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2010-11-28 04:15 am (UTC)
Personally, (granted I have generally very low opinions about 90% of journalists these days), I think it's exactly what I'd expect from a writer for a newspaper. As little actual research as possible, even for the discussion on dogs (though that was a little better). Using data from Big Cities really skews things, especially because they were talking to the larger business ends of those Big Cities. And notice that most of their figures came from racing? Lazy.
I think it was mostly aimed at the "flim flam" parents--the parents who are likely to dive into something without actually knowing anything about it, which while it's a larger group than one would hope for, still exists. Regardless, I can't see anyone just buying a horse for their family without having ever been around horses or taking lessons, unless you own your own horse-capable property. Chances are they'll at least have some equine professionals or quasi-professionals that should (hopefully) be able to offer good advice. This is probably different when talking about dogs or cats, because they're not a specialty animal, you know?
As for the figures...again, Big City perspective makes it hard. Our barn is one of the more expensive barns in the area. Not *the* most expensive, but we're 375 for a month's full board, and the most expensive barns in the area are still under 500 for a month's full board. Lessons in this area are generally 45-55 per hour for private. And you can, if you want to, find very reasonably priced tack. What they don't mention is that tack isn't a one-time-buy, and that was a big omission in their article. We all know you can't get buy on just one blanket for the next six years, for example.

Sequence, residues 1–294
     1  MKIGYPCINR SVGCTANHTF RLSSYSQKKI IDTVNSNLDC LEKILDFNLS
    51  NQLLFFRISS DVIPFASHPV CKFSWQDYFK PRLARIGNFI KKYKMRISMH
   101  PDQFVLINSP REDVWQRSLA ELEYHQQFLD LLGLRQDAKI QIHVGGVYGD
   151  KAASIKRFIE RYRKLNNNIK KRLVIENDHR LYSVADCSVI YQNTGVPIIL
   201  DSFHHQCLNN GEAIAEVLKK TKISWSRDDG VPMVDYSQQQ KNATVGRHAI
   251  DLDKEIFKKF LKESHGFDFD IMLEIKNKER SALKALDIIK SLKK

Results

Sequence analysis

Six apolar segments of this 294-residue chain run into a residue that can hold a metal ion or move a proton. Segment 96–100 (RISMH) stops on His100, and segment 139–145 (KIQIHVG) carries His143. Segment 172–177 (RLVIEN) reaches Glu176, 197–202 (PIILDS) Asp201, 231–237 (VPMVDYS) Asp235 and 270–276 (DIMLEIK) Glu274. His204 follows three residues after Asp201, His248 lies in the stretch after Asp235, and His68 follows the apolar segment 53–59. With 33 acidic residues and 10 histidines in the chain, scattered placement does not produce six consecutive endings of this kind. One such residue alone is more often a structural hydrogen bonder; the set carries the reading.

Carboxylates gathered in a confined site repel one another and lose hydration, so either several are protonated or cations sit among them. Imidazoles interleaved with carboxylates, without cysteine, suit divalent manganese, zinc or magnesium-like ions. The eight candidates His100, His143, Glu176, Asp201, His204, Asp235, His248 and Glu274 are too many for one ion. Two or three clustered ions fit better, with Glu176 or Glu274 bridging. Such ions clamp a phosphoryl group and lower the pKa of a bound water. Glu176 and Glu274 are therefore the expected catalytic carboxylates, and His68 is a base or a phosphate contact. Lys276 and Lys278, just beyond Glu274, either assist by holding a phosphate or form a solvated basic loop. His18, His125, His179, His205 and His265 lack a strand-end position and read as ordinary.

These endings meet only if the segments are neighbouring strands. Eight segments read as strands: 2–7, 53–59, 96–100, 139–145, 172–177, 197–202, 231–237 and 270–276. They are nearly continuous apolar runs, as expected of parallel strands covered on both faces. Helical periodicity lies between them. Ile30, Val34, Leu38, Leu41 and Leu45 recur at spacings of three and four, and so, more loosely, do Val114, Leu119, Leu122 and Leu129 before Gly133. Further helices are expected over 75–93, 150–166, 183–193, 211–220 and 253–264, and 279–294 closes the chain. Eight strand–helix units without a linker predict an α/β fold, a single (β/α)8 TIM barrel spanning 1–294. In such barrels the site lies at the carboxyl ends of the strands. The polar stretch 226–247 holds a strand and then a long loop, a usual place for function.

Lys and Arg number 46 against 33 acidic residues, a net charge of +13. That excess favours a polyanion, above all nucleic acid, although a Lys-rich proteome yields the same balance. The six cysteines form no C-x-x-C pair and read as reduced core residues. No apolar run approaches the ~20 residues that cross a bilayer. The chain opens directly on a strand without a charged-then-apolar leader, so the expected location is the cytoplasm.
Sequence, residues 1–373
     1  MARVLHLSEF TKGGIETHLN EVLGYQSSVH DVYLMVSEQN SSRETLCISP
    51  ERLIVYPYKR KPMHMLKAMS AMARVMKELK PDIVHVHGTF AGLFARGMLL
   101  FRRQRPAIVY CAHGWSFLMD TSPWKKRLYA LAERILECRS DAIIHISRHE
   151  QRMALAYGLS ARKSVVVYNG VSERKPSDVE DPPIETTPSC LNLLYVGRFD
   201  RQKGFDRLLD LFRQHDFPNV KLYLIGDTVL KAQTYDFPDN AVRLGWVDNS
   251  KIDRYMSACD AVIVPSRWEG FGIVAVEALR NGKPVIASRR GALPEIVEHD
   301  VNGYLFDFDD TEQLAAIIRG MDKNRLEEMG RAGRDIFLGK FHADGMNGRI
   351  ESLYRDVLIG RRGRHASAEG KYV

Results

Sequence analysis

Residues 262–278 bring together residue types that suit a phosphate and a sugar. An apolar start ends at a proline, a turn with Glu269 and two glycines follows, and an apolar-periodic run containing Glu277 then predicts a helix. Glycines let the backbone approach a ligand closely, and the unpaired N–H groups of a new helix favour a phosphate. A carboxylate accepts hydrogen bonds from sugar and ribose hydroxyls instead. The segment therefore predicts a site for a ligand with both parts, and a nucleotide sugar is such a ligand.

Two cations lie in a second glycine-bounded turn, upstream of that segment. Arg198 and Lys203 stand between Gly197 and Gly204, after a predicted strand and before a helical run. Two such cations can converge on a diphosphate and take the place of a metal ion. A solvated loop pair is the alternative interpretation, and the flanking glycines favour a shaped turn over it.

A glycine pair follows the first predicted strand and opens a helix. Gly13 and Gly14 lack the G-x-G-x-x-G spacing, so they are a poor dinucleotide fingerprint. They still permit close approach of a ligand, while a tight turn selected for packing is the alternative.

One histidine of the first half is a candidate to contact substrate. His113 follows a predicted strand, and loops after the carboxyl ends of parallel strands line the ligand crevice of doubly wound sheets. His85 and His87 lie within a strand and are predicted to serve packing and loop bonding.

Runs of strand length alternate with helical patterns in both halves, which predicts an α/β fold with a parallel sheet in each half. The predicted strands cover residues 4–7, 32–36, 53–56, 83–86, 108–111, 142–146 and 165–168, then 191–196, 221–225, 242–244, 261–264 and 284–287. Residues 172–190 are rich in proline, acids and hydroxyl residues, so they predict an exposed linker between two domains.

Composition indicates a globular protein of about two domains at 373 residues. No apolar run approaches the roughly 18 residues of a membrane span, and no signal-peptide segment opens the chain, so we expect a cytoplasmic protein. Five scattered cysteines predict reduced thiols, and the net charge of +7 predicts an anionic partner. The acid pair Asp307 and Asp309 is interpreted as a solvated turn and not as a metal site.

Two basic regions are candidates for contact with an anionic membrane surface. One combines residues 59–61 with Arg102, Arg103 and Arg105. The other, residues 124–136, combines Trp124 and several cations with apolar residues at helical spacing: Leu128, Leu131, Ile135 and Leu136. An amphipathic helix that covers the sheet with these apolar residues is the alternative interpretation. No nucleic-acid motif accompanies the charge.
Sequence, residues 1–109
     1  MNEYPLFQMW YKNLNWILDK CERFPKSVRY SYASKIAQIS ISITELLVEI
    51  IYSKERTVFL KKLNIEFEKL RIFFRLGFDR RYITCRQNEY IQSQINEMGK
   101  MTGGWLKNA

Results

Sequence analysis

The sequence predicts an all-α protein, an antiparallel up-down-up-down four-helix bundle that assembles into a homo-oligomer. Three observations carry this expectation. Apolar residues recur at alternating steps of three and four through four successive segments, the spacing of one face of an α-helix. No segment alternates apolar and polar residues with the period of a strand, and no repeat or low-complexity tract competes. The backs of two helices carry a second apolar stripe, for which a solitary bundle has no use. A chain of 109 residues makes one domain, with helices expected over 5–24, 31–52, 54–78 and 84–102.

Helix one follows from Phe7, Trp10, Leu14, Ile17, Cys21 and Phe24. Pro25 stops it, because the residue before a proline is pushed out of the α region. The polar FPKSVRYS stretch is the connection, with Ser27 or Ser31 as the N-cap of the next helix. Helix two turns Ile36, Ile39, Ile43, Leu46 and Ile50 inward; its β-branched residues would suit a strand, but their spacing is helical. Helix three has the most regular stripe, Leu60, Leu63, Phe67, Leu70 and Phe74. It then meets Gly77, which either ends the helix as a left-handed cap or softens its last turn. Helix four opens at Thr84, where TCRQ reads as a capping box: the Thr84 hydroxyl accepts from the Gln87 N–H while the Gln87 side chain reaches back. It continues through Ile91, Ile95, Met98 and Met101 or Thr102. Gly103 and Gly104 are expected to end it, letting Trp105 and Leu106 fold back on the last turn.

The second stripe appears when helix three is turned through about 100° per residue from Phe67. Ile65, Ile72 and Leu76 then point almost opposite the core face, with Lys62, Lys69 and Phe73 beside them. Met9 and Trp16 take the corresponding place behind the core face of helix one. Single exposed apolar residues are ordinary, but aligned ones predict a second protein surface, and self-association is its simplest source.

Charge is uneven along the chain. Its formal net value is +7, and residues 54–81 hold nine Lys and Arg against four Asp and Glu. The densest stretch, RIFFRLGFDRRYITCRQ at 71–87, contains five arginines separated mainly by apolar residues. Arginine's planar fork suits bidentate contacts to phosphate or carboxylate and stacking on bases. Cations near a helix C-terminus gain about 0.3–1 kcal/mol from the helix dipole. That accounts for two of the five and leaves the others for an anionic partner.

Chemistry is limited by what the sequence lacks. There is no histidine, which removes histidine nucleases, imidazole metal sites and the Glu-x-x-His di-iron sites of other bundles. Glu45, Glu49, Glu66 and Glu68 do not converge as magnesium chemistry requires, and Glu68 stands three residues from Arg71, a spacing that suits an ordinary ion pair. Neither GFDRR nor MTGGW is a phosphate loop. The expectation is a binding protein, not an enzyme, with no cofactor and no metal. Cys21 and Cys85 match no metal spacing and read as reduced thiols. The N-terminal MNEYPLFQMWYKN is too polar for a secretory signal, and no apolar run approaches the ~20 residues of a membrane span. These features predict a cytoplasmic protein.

The other was that they talked about leasing. At a barn like mine, where there are a LOT of barn-owned horses, there isn't a problem with leasing. But most barns are not like mine. Most people would have to find a horse and owner from the great beyond to lease, and chances are the horse wouldn't be suited for a child like the article makes it out to be--too advanced, or otherwise the owner would probably want someone to keep the training going strongly, which is not really going to happen with anyone under ~15.
So, yeah. I think the intent of the article was in the right place--don't do something unless you know exactly what you're doing--but the wording was really awful, and overall, not something the industry needs in circulation among the public right now.
Horse ownership isn't only for the rich people. No one at our barn is rich by any standard. We're all middle to lower class backgrounds. We all have horses in the 2-8k range or cheaper (with a few exceptions) that we have bought and trained ourselves, and even from this background, a lot of our riders have National Championships within the Arabian Sporthorse world. You don't have to be rich. You just have to have a head on your shoulders and be dedicated. On that front, I think the article should have been more about being dedicated and responsible for the animals you buy or intend to buy, and if something happens, giving some options--rescue organizations, etc.
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